Old ships and ship-building days of Medford.
The pepper trade.1
This trade was started by Salem enterprise almost wholly, and by way of reward Salem became the American, and for a time the world, emporium for pepper. In 1791 the United States exported seven million, five hundred and fifty-nine thousand, two hundred and forty-four pounds-over seven-eighths of the entire northwest Sumatran crop—and a very large portion of this was landed in Salem.2 Among the Medford-built vessels from Salem engaged in this trade were the ships Australia, Carolina, Propontis, and the brig Lucilla. Journals of their voyages to Sumatra are preserved in Salem. Besides the Salem vessels in the pepper trade there were quite a number from Boston, among them the brig Palmer. The brig Palmer, two hundred and seventy-seven tons, was the seventy-third vessel built in Medford and the last of seven built in 1818. She was built by Sprague & James for Joseph Lee of Boston. She sailed for Sumatra in 1830 and proceeded to take on a cargo of pepper at Muckie on the west coast. 3At one o'clock in the morning of February 8, 1830, while at anchor in the roads, together with the ship James Monroe of New York and the ‘Governor Endicott’ of Salem, a boat appeared, which, on being hailed with the question, ‘What boat is that?’ responded, ‘The “Friendship” of Qualah Battoo, Captain Endicott, with all that are left of us.’ On further questioning it appeared that the ‘Friendship’ had been loading pepper at Qualah Battoo some twenty-five miles along the coast. On the morning of February 7 the captain, second officer, and four seamen started ashore in the ship's boat to oversee the dispatch of the native boats loaded with pepper. The first boat started for the ship at about three o'clock. [p. 83] Captain Endicott, being at leisure, walked toward the beach where he noticed that the pepper boat contained a large number of men which it had evidently picked up in a bend in the river, and then shortly afterward he saw the crew of his vessel jumping overboard. He then unconcernedly gathered his men together and on a pretence of visiting the bazaar on the opposite side, without exciting the suspicions of the Malays, got out of the river in his boat by a narrow margin. They then directed their course to Muckie. The night closed down in inky blackness relieved by flashes of lightning and stunning reports of thunder. Gauging their distance from the shore as best they could, as it was impossible to hear the surf in the awful din, they reached Muckie as related. Captain Rhodes of the Palmer and the captains of the ‘James Monroe’ and ‘Governor Endicott’ met in council on the ‘Governor Endicott.’ It was decided to throw as many of the crews of the ‘Governor Endicott’ and Palmer as could be spared onto the ‘James Monroe,’ as she was the largest vessel, and proceed to recover the ‘Friendship’ by boarding—the other vessels to follow at a short distance. It was nearly three o'clock before they were under way, as the sails had been unbent, and proceeded toward Qualah Battoo. Upon arriving at this place a messenger was sent ashore to demand the surrender of the ship under pain of bombardment. The pirates returned the answer that they might take her if they could. All three vessels then opened fire on the ship and town, which was returned by the forts. It was then decided to board the ‘Friendship’ with as many men as could be carried in three boats, as it was feared the Malays would either burn her or run her ashore. The boarding party approached the ship from the bow to keep out of her fire. As they drew near, the p rates for the first time appeared to comprehend their design. They were filled with consternation and began [p. 84] to desert her with all speed. The numerous boats alongside were filled and others jumped overboard and swam for shore. The appearance of the ship bore evidence ‘to the violence and destruction with which she had been visited.’ The decks were covered with blood, the sails had been cut loose and an effort to beach the vessel had been prevented by a riding turn on the chain cable around the windlass, which they had not been able to clear. The ship was then kedged off, and anchored alongside the other vessels. The next morning a canoe approached the vessels, with five or six men in her which at first were taken for natives, but on further investigation, four of them proved to be part of the crew of the ‘Friendship.’ Captain Endicott's account continues:—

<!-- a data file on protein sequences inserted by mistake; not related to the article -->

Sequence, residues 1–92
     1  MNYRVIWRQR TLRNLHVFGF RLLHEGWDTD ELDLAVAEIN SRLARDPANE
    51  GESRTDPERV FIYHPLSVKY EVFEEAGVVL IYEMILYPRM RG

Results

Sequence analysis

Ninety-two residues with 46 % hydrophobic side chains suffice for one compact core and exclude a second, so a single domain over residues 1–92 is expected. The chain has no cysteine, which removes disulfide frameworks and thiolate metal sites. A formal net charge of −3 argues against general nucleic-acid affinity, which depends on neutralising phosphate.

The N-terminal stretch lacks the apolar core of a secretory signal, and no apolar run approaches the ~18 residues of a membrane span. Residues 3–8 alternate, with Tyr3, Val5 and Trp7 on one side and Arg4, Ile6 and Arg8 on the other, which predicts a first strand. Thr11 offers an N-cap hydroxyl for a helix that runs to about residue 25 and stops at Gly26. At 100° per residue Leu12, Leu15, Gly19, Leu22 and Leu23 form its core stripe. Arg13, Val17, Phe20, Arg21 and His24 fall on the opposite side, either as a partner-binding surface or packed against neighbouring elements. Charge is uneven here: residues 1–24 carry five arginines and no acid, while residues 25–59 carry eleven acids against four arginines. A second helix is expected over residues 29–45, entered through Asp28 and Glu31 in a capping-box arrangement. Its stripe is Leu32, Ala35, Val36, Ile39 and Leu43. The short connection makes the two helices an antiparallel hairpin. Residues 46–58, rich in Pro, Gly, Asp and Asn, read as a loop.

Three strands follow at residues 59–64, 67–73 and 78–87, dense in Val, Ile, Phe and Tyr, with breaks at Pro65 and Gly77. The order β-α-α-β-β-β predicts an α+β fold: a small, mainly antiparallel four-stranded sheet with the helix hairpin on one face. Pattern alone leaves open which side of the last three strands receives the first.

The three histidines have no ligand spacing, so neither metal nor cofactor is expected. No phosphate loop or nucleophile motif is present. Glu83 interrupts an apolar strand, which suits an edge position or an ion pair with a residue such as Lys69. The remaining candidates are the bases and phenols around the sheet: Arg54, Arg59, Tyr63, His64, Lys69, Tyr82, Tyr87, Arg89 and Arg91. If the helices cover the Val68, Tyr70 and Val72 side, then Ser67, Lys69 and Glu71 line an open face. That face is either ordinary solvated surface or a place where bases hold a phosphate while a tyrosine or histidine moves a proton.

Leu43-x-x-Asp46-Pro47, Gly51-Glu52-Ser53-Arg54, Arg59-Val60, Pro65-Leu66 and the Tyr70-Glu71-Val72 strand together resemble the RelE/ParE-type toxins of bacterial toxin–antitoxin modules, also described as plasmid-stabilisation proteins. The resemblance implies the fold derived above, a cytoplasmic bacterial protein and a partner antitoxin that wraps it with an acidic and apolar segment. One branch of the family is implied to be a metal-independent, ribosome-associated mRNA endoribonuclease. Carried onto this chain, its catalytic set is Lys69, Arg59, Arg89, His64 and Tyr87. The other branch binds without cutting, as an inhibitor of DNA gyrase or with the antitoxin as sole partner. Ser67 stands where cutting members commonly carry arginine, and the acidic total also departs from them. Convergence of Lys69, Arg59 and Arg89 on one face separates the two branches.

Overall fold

Their haggard and squalid appearance bespoke what they had suffered. It would seem impossible that in the space of four days, men could, by any casualty, so entirely lose their identity. It was only by asking their names that I knew any of them. They were without clothing other than loose pieces of cotton cloth thrown over their persons, their hair matted, their bodies crisped and burned in large running blisters; besides having been nearly devoured by mosquitos, the poison of those stings had left evident traces of its virulence; their flesh wasted away, and even the very tones of their voices changed. They had been wandering about in the jungle without food ever since the ship was taken. Their account of the capture of the ship stated that when the pepper boat came alongside, in spite of several suspicious circumstances, they were allowed to come aboard, when at a signal they fell upon the crew of the vessel. Those who could swim jumped into the water and the rest who escaped death took to the rigging. Those in the water, after consulting together, swam about two miles down the coast, where they landed entirely naked. After wandering about in the jungle, as stated, they had been rescued by a friendly native.In something less than a year after this outrage the ‘U. S. S. Potomac’ appeared off the port. The Malay forts were stormed after some desperate fighting and the town laid in ashes. The Palmer was lost at sea December, 1835.